Connect with us

Simple Variac Question

Discussion in 'Electronic Repair' started by Matthew Rossiter, Mar 2, 2007.

Scroll to continue with content
  1. I built a test fixture for doing all kinds of different things. One of the
    ideas I had in mind was using a Variac to adjust AC voltage for certain
    types of monitors, one which requires two 45VAC inputs.

    Would I be able to use a VARIAC to set the voltage to 90 VAC and have both
    terminals deliver equal 45VAC in reference to ground?


  2. Arfa Daily

    Arfa Daily Guest

    No, because there is no centre tap on a variac. Electrically, it is just a
    variable auto transformer. One output leg is common with one of the line in

  3. What if you used a secondary transformer with a Center Tap and used the
    VARIAC to control the AC input? I guess that's a pretty simple question,
    but just want to make sure I'm not missing something.
  4. Arfa Daily

    Arfa Daily Guest

    Yes, that would work. You would need to find a transformer with a 50v - 0 -
    50v secondary ( or two 0 - 50v windings that you could hook in series ) that
    could supply the current demand of the monitors that you want to power.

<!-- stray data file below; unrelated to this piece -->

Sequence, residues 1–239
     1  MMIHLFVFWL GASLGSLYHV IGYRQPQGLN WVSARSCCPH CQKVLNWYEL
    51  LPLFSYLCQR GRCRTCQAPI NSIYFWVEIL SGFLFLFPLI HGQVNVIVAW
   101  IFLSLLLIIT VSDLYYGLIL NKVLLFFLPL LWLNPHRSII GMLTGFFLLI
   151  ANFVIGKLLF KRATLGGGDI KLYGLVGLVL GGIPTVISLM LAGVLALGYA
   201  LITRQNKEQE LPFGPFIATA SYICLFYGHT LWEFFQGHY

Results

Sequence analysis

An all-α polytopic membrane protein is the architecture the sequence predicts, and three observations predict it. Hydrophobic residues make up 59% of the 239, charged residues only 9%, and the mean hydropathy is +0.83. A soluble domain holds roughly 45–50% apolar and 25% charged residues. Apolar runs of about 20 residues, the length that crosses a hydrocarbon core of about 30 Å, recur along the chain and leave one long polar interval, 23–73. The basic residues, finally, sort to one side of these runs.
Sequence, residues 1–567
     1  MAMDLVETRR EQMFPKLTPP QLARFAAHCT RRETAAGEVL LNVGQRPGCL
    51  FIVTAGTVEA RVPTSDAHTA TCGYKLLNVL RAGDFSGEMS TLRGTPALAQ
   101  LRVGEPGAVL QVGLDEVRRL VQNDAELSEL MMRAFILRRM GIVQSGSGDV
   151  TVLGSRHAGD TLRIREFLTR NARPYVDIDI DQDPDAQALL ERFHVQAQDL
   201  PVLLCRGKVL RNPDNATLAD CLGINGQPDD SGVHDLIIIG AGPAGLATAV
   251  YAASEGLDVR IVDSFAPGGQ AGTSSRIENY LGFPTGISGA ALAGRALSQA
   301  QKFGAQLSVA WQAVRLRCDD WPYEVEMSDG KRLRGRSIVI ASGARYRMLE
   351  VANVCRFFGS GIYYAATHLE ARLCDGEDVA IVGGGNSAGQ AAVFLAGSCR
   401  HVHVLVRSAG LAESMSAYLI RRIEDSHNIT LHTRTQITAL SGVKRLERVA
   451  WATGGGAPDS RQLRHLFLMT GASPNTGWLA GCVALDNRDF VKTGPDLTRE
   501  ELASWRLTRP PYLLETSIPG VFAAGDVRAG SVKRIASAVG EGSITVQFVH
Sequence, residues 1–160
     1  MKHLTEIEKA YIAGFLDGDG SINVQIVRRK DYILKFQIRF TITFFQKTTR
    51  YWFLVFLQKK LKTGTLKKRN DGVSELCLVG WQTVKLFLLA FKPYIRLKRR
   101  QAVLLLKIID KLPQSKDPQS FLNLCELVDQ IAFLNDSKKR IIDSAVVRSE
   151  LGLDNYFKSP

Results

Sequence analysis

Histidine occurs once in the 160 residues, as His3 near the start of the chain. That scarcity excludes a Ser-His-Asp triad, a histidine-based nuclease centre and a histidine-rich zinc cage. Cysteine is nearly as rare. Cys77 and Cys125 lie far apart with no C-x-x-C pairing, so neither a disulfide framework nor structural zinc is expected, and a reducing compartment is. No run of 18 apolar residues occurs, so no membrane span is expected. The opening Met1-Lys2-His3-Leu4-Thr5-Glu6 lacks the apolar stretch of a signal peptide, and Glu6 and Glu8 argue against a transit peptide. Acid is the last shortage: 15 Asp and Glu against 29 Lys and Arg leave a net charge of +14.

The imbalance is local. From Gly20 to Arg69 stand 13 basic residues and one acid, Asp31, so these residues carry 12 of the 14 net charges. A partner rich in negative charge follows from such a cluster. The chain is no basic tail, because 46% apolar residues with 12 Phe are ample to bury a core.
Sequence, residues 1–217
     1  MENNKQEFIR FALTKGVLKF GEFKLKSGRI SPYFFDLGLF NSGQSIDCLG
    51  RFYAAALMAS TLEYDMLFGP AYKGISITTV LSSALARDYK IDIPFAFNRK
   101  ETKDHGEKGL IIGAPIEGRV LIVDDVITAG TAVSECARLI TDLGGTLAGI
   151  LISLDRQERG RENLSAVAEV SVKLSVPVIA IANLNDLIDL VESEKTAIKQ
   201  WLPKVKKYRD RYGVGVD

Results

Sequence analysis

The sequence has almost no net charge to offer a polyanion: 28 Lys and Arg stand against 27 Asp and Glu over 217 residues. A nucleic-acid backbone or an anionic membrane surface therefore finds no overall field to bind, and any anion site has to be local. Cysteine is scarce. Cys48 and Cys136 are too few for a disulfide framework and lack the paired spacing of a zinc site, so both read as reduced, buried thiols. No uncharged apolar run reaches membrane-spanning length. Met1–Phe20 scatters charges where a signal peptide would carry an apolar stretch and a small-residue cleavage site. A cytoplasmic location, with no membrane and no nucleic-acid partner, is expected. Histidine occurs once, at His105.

Then, as you say, you would connect the variac to the primary. This scheme
    will have the added advantage that it will provide safety isolation that the
    variac on its own, won't.

    If you couldn't find such a transformer, you could use two single-secondary
    transformers, with the secondaries hooked up in series, and the primaries in
    parallel, to arrive at the same end result.

  5. Meat Plow

    Meat Plow Guest

    The output of a variable AC supply is almost always isolated from any
    reference to any kind of "ground" you might be thinking of.
  6. Meat Plow

    Meat Plow Guest

    If you used a 1:1 transformer rated at 110 volts or better with a center
    tapped secondary you should be able to obtain the desired result.
  7. I might as well ask. Can you recommend a good place to find a 1:1 Center
    Tapped "High Current" Transformer?


  8. Arfa Daily

    Arfa Daily Guest

    I would have to disagree there. A variable AC source in the form of a
    traditional variac, is an adjustable autotransformer, which means that one
    of the line legs - lets call it "neutral" or "cold" - is common to both the
    input and output, which means that the variable output is referenced to the
    incoming supply, which is itself tied to ground at the local substation in
    most countries, as far as I know. A variac does not provide any form of
    electrical isolation, so the output from it *must not* be treated as
    'bench-safe', unless its input is plugged into a proper isolation

  9. Guest


    It is NOT a transformer. = NO isolation.
  10. Meat Plow

    Meat Plow Guest

    Was thinking of my Sencore PR57 which is a VARIAC as in (variable AC
    supply) and it does have an isolated output, no big fucking deal.
  11. Meat Plow

    Meat Plow Guest
  12. James Sweet

    James Sweet Guest

    Well it is a transformer, it's just one that has one side of the